PRESIDENT REUVEN Rivlin and his wife, Nechama, meet with men and women who have adopted children to showcase the need for more volunteers.
(photo credit: HAIM ZACH/GPO)
Children are a joy according to Jewish tradition. Children whose lives can be vastly improved by love, understanding and a change of environment are an even greater joy.
Conscious of this, Nechama Rivlin, wife of President Reuven Rivlin in conjunction with the Summit Institute which cares for children at risk invited a broad demographic swath of adoptive and foster families to the President’s Residence in celebration of Family Day.
Rivlin told parents participating with biological and foster or adopted children that she admired their strength and courage for opening not only their hearts but their whole beings and their homes to children in need.
Summit executive director Yoni Bogot said while the law provides for youngsters to remain in foster care only through age 18, there are many cases in which such strong attachments are formed that the foster ‘child’ stays far beyond that age.
Masha, 20, was worried about what might happen to her when she turned 18. Her family had taken her in when she was eight, and assured her there was no cause for concern, she said. “I go home to hugs and kisses and all the things that happen in a family. I am part of them and they are part of me. They are my family for good and for bad.”
Orit Amiel, who heads Summit’s foster care department, said that notwithstanding the advertisements calling for potential foster parents to come forward, there were insufficient suitable applicants.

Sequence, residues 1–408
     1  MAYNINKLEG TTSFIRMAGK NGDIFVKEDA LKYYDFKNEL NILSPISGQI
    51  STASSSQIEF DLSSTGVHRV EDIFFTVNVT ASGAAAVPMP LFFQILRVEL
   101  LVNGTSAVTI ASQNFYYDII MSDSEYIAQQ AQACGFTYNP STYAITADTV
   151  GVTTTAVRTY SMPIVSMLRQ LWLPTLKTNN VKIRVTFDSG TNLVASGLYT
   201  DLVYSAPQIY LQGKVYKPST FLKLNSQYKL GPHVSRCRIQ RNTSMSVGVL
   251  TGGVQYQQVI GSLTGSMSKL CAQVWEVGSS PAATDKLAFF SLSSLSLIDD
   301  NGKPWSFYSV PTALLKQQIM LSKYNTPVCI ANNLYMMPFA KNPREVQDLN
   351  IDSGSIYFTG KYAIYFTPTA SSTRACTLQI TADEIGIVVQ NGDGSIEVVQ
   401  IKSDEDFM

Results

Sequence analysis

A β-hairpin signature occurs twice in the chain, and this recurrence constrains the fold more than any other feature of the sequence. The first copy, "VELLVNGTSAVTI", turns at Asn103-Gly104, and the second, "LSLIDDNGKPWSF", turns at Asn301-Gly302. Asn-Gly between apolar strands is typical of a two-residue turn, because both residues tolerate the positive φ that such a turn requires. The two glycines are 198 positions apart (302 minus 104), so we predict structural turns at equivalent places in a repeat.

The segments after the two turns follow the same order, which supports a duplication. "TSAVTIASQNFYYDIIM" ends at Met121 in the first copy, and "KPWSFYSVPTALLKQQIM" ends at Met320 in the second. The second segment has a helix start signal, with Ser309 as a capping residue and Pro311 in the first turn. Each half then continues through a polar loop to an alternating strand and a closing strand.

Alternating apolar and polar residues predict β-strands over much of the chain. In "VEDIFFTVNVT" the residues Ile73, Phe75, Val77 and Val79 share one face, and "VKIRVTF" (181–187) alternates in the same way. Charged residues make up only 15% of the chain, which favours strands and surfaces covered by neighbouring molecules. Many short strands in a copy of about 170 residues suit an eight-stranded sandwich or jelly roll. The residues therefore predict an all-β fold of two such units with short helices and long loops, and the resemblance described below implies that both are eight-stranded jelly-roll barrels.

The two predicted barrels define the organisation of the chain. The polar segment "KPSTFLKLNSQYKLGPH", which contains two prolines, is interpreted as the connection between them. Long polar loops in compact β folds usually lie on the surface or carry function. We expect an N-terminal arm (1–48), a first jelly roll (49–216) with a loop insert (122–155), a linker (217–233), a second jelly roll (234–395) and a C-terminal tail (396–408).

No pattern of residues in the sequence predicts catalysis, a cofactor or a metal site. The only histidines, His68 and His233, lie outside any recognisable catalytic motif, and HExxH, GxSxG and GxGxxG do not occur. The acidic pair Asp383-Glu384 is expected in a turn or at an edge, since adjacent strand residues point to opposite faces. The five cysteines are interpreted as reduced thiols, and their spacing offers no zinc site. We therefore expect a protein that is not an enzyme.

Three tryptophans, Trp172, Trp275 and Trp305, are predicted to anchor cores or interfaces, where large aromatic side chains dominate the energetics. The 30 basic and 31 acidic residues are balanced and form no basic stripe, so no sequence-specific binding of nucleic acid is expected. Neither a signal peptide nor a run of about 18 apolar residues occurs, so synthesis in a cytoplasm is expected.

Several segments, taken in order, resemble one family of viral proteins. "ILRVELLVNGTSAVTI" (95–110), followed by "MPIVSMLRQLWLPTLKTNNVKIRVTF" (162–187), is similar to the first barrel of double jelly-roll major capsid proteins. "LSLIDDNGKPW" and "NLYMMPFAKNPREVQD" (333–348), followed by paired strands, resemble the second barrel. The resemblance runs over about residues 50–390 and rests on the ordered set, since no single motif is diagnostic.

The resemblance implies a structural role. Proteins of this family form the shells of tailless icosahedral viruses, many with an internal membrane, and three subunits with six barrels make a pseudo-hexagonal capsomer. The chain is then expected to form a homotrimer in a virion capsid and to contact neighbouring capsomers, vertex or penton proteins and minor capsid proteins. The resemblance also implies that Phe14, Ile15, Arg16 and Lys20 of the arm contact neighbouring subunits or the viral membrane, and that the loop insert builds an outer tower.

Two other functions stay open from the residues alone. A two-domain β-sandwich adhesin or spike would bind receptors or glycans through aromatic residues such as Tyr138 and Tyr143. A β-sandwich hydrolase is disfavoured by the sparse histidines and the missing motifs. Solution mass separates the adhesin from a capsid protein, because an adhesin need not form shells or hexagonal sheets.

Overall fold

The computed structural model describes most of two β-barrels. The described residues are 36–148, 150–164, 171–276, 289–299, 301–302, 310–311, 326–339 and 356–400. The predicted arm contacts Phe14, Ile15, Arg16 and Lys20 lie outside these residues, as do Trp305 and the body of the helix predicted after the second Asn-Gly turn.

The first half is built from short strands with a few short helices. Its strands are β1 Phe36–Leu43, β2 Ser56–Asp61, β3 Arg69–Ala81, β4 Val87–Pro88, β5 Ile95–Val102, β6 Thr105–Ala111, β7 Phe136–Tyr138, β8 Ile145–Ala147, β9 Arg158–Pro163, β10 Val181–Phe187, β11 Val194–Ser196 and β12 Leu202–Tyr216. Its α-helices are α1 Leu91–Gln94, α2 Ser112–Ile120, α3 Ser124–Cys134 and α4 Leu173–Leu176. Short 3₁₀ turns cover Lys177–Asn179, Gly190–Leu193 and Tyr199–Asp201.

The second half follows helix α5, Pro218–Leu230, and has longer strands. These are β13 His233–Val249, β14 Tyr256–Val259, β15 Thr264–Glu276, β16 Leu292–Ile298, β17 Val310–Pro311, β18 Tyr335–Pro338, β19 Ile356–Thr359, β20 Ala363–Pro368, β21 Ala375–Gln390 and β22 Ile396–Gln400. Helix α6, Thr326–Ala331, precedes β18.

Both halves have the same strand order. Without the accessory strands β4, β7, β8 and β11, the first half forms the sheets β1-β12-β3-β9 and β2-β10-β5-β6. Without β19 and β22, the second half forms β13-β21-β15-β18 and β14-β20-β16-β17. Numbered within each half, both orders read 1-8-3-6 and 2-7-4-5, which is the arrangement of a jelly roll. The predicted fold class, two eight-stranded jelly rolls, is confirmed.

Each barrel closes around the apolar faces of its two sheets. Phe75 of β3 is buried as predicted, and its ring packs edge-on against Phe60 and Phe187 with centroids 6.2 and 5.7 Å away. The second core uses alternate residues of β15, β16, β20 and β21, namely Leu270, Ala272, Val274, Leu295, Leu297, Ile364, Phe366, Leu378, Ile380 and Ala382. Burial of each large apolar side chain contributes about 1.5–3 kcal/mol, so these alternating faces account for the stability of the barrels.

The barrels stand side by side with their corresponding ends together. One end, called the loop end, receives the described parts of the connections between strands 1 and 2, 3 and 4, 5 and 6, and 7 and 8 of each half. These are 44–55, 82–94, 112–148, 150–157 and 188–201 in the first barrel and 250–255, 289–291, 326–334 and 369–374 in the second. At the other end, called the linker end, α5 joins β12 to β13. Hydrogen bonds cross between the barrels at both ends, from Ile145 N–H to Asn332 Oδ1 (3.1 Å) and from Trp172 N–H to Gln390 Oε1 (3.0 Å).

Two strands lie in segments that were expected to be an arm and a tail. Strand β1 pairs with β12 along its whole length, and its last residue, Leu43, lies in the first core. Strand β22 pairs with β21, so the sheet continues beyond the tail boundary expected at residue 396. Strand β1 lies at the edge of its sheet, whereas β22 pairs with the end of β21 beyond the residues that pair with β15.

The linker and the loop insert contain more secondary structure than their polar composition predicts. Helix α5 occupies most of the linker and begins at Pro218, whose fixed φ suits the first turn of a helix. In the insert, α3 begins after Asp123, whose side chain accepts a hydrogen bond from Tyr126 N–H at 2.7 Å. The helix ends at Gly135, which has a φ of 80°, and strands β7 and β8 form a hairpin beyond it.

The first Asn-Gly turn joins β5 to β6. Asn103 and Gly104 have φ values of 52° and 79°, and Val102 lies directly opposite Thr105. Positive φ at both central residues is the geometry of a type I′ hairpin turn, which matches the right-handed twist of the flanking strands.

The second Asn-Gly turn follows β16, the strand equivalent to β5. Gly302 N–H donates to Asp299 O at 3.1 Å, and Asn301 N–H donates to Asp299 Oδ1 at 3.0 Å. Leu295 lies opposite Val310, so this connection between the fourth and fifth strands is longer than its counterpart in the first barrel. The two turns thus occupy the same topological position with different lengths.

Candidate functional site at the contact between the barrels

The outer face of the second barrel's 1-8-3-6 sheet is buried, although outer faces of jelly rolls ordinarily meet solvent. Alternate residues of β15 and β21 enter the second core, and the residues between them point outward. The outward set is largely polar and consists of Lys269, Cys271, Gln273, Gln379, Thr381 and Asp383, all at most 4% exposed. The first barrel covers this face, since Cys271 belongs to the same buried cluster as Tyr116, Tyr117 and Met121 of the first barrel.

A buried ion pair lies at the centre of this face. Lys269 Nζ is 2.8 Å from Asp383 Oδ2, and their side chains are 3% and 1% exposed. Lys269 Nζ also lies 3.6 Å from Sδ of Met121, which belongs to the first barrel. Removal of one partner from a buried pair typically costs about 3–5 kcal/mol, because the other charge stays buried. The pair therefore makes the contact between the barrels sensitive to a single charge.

In Israel today, there are some 10,000 children at risk waiting to be placed in foster care or to be adopted.
Among the families present were haredim, national-religious, secular, Ethiopian, Beduin, and Jerusalem Arabs. All had children of their own. One religious family with eight biological children including two sets of twins couldn’t thank Summit enough for yet another set of twins – two beautiful little Ethiopian girls who were perfectly groomed and whose body language spelled total integration into the family.
A haredi family had taken in a child with special needs and said that in addition to love they wanted to give him self confidence so that he could find his place in mainstream society.
A Beduin family came with two little Mohammeds – one biological and one foster.
There are many emergency cases in Beduin society they said. They often received newborns straight from hospital and kept them until such time as a more permanent framework could be found. Sometimes it took months and parting from them was emotionally painful. In the 10 years in which they offered foster care, they took in 72 children.
Nechama Rivlin said she found such selflessness inspiring and hoped that many more couples and their children would open their hearts and homes to children in need of stable, loving families.
Also among her guests were Natan Meier and his children who spoke of his wife Dafna who was murdered by a terrorist last month.
Dafna had been adopted and the children that the Meiers had adopted in addition to their own biological children had become the joys of their lives.
“Dafna and I came from completely different backgrounds. Our attitudes toward religion were different. We should never have gotten married, but it was the best mistake I ever made,” her husband said as he cuddled the youngest of his children, who happens to be adopted.